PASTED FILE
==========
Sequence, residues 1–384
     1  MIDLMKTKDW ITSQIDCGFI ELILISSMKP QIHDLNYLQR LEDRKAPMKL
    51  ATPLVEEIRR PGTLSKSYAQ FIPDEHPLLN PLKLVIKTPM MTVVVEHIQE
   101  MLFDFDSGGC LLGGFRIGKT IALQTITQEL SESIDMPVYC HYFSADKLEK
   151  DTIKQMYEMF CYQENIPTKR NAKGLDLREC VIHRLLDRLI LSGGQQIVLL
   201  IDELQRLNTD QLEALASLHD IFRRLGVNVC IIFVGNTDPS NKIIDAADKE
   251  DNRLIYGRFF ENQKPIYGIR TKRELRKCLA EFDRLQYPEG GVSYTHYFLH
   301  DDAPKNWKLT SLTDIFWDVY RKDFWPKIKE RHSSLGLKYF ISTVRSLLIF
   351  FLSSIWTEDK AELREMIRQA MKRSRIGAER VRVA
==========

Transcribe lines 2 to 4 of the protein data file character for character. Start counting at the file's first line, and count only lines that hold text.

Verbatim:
     1  MIDLMKTKDW ITSQIDCGFI ELILISSMKP QIHDLNYLQR LEDRKAPMKL
    51  ATPLVEEIRR PGTLSKSYAQ FIPDEHPLLN PLKLVIKTPM MTVVVEHIQE
   101  MLFDFDSGGC LLGGFRIGKT IALQTITQEL SESIDMPVYC HYFSADKLEK